ImClone Systems Inc., after being dragged to scandalous depths not often seen in the biotechnology sector, bobbed to the surface Wednesday following its meeting with the FDA concerning the cancer drug Erbitux.
ImClone and its partners discussed with the FDA “an approach” for ImClone to provide the agency with data from an ongoing European trial and reanalyzed data from U.S. Phase II trials as a means of bolstering its biologics license application for the besieged product Erbitux. That would shave sizeable time off what was considered ImClone’s unsavory alternative: additional trials.
The news launched ImClone’s stock (NASDAQ:IMCL) up $5.01 Wednesday, or 32.3 percent, to close at $20.53. The stock closed at $73.83 as recently as December.
Brian Rye, an analyst with Raymond James & Associates Inc. in St. Petersburg, Fla., spoke about ImClone’s “worst-case scenario” a term used over and over by those debating what might come of the meeting and told BioWorld Today it looks as if ImClone dodged a clinical bullet.
“[The news is] positive for ImClone and the stock is reflecting that,” he said. “A lot of people feared the worst-case scenario, which would be initiating a new pivotal trial in the U.S. And it appears that will not be the case.”
According to an ImClone press release, the New York-based company will look to provide the FDA with data from an ongoing European Phase II study run by Merck KgaA evaluating the combination of Erbitux and irinotecan vs. Erbitux alone in patients with irinotecan-refractory colorectal cancer. Merck, of Darmstadt, Germany, is ImClone’s European partner. Also, the discussed “approach” will include submitting reanalyzed data from ImClone’s Phase II Erbitux trials from the U.S.
How long this will take is hazy, Rye said, as is the FDA’s dedication to this new path.
“What I don’t know is when that data might be available,” he said. “And to be honest, the [ImClone press release] never says the FDA agreed to this, so I’ll throw that caveat out, too.”
Others felt the same way.
“I think there was no real answer that came out of the FDA,” said Jason Kantor, an analyst with JP Morgan Securities Inc. in New York. “But from the reports that have come out, it seems clear the FDA has agreed in principle to accept the Merck data. This clearly gets around the worst-case scenario, which was additional studies.”
Merck said last month that its European development plan for Erbitux (cetuximab or C225) remained unchanged by ImClone’s setback in the U.S. It said it intended to file for approval based on the 225-patient colorectal cancer trial in the third quarter this year, and expected to have the product on the market by the end of 2003. (See BioWorld Today, Jan 25, 2002.)
ImClone has found itself caught in the harsh lights of the FDA and other government bodies since its rolling biologics license application for Erbitux to treat colorectal cancer received a refusal-to-file letter from the FDA in late December. The refusal-to-file letter began ImClone’s downward stock spiral, and events since that time have unfolded like failed origami.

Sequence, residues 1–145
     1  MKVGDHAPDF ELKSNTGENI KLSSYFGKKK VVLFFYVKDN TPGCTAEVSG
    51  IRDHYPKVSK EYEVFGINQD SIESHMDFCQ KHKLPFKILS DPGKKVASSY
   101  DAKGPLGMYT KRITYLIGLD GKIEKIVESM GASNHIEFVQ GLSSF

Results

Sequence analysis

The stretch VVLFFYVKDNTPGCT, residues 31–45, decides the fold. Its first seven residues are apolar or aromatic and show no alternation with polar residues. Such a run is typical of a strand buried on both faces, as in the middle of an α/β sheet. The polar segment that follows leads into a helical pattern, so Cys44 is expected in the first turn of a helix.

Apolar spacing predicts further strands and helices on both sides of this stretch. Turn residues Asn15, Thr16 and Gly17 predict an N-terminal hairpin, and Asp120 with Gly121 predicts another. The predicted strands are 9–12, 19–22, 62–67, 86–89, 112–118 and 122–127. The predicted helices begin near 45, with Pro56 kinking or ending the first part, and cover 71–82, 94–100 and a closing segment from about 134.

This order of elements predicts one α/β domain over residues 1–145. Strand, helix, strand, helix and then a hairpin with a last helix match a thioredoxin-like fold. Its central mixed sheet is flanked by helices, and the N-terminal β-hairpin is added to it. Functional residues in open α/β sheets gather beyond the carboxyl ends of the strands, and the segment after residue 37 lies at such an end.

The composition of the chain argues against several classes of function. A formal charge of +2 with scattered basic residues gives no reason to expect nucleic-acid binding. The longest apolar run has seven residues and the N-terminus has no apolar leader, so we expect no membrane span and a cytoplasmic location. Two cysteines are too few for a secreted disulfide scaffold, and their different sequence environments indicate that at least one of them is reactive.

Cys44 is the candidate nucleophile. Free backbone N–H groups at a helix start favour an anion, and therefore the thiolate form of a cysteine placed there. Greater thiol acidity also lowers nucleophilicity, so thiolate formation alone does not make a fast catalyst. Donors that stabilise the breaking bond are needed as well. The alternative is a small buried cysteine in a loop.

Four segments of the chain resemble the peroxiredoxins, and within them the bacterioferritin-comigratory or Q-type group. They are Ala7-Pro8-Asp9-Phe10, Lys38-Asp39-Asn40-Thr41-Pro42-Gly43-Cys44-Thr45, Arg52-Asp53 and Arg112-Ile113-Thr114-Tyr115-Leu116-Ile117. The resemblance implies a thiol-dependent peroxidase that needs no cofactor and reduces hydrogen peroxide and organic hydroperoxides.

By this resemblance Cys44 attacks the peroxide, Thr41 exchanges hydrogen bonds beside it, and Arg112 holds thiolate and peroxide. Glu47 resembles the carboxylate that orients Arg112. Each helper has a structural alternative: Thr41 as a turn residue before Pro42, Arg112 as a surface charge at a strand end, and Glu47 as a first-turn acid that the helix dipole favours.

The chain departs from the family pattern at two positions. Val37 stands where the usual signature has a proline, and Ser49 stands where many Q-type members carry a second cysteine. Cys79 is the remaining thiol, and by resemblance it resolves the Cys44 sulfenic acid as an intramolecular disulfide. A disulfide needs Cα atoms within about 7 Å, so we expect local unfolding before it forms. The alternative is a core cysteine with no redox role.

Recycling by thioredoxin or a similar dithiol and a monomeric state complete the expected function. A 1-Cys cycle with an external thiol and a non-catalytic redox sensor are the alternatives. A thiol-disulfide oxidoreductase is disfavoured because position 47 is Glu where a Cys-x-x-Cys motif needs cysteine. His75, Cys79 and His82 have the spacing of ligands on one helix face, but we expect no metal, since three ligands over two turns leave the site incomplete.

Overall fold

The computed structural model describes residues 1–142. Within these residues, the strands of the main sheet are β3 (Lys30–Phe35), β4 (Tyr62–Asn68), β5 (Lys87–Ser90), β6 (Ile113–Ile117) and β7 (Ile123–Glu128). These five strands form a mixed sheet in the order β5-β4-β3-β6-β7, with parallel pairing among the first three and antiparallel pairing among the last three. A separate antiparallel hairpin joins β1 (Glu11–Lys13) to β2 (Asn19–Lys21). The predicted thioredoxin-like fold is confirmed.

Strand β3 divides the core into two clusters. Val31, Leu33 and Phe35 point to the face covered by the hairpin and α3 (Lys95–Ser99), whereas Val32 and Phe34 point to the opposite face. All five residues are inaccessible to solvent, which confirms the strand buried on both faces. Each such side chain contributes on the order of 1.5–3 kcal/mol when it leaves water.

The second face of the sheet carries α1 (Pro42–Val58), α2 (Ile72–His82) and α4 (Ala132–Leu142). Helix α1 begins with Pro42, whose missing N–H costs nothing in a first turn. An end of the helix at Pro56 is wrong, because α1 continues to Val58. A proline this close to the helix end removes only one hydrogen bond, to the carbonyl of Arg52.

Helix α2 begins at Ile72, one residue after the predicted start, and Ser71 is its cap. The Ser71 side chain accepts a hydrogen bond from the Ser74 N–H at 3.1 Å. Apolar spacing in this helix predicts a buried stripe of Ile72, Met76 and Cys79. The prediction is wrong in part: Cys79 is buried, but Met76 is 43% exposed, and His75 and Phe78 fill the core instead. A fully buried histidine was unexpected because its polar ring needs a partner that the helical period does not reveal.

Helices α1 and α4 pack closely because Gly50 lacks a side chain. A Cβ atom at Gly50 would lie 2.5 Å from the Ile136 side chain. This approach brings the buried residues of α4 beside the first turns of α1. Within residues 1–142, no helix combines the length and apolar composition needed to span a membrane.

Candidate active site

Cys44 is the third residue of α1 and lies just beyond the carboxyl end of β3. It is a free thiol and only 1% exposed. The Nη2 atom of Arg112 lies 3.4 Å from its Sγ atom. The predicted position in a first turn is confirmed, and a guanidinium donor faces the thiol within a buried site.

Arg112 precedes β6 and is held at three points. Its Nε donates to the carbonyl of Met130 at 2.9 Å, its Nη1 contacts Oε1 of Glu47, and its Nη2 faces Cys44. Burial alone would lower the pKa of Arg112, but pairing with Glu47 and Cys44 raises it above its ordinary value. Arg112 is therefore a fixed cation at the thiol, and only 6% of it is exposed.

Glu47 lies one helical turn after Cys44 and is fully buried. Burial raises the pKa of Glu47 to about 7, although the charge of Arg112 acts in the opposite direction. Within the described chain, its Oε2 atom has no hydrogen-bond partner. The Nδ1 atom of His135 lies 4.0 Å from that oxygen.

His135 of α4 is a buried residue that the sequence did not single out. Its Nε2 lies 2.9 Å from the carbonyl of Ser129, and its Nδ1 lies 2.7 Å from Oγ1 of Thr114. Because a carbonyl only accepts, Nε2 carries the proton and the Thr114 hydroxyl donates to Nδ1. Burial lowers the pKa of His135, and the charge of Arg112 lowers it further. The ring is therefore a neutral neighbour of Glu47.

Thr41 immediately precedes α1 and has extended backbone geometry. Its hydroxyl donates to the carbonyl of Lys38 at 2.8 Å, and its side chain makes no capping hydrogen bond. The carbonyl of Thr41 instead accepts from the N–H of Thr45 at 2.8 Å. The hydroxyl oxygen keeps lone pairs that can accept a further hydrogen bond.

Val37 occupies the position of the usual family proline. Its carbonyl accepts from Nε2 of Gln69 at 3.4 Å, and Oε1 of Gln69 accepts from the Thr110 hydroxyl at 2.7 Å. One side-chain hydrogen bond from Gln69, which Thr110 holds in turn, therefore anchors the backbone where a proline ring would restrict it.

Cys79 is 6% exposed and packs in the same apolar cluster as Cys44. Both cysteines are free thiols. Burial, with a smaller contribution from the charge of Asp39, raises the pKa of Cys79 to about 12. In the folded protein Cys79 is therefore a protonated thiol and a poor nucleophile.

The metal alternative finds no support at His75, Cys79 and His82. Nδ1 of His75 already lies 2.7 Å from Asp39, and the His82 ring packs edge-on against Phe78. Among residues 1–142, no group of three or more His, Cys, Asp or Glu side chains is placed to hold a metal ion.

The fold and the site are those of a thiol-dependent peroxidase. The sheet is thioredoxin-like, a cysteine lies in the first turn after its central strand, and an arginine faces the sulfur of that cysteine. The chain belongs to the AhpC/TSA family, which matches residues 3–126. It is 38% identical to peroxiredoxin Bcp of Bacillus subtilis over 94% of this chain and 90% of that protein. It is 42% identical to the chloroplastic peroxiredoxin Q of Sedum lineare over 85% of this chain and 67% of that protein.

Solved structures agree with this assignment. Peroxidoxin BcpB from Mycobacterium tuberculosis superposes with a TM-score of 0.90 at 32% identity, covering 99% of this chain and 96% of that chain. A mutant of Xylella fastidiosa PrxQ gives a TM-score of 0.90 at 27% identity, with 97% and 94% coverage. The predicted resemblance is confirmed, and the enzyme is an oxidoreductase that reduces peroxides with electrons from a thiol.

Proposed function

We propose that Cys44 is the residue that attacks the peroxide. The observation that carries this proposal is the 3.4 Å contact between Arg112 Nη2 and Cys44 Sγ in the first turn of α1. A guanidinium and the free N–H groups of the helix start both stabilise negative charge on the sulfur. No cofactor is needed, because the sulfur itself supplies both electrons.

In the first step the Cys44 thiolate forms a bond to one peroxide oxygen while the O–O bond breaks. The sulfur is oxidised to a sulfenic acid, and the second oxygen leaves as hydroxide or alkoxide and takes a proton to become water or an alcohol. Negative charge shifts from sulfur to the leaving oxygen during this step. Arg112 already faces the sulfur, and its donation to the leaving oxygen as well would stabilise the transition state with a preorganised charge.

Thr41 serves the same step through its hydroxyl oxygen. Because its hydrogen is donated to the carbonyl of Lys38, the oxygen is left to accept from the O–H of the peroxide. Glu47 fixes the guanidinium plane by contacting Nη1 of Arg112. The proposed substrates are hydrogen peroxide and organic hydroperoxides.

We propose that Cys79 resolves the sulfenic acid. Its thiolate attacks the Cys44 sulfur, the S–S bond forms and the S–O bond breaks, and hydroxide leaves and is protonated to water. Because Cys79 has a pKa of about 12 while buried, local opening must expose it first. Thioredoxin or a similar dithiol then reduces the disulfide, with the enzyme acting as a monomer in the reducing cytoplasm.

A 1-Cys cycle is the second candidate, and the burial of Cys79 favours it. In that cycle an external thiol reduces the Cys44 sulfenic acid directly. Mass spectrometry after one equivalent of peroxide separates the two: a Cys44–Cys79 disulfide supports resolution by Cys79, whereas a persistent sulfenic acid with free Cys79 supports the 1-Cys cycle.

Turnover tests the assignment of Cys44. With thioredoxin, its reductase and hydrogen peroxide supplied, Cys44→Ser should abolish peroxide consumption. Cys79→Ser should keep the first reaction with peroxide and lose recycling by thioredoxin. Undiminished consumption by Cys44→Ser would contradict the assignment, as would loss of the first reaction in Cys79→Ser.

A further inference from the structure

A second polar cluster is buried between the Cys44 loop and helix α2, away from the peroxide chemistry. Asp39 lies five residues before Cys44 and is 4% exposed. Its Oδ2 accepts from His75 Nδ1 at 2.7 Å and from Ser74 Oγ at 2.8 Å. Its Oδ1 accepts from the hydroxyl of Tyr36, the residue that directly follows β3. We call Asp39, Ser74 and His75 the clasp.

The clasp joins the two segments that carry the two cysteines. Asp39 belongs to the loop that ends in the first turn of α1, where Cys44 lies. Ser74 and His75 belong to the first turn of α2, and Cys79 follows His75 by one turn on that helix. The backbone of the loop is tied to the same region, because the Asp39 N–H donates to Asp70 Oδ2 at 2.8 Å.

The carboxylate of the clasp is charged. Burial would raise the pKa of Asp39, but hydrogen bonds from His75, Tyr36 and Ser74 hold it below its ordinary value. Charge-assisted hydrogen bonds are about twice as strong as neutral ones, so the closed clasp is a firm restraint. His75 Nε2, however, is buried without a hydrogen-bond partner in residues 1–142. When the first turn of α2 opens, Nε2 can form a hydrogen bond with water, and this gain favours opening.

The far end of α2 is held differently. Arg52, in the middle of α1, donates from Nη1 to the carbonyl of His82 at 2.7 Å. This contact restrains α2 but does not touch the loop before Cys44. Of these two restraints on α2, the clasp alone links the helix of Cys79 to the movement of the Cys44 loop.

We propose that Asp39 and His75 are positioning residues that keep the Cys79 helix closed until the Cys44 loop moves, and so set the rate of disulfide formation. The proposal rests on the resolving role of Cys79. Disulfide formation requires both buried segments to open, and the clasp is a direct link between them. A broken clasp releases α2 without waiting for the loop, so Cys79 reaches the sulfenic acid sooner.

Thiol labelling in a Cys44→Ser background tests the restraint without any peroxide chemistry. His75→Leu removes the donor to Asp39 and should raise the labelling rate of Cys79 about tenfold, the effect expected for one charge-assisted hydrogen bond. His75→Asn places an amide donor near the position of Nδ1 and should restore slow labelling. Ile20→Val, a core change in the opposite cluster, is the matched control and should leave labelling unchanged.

Those events include a House committee investigation into its drug development conduct; a report in the Cancer Letter claiming ImClone under-reported deaths in its Erbitux trials; allegations that Samuel Waksal, ImClone’s CEO, misled investors about the drug’s status; and Bristol-Myers Squibb Co., of New York, which had signed a partnership with ImClone for Erbitux worth up to $2 billion, attempting to restructure the deal after the negative response from the FDA. (See BioWorld Today, Jan. 3, 2002; Jan. 22, 2002; Feb. 7, 2002; and Feb. 13, 2002.)
Since December, nervous investors sold off ImClone holdings and the stock bottomed out at $14.73 this week. Those investors worried about two things, Kantor said the possibility of new trials and also “what Bristol-Myers is going to do.” ImClone, for its part, told Bristol-Myers it had no interest in revamping its potential $2 billion deal and saw no reason why it should. However, by failing to have its BLA accepted for filing, ImClone cost itself a $300 million milestone payment linked to its agreement with Bristol-Myers. Rye said he believes that ImClone could recoup the $300 million if and when the BLA is finally accepted, but even so, the news of the FDA meeting gives ImClone a better bargaining position with Bristol-Myers.
“I would say it strengthens ImClone’s position,” he said. “They’ve stated all along that they didn’t do anything wrong. I don’t think ImClone will be any more receptive [to restructuring the deal] than it was before, which was not at all. But Bristol-Myers, I think, wants to be part of the Erbitux story. I think they might be more interested now.”
Kantor said ImClone’s new approach lowers the probability that Bristol-Myers will “walk away from the deal,” although he added that Bristol-Myers “has not responded publicly yet, so I wouldn’t rule out further dealings there.”
With ImClone not facing the burden of additional trials, analysts have cautiously sketched a new timeline for Erbitux to reach patients. Kantor’s firm now models a 2003 filing and a launch in 2004. Rye’s estimation is similar.
“Realistically, we are looking at ImClone filing at the end of this year and then going through all those hoops and then possible approval toward the end of  or beginning of ,” he said.
Perhaps the meeting didn’t cast in stone a guarantee for ImClone and Erbitux. Instead, it simply presented a direction that ImClone can now travel for possible eventual FDA approval, but that pointing finger is a good sign, Kantor said.
“It appears the FDA is willing to work with ImClone to get this drug approved and not have further delays in the process,” he said.
ImClone officials did not return calls seeking comment.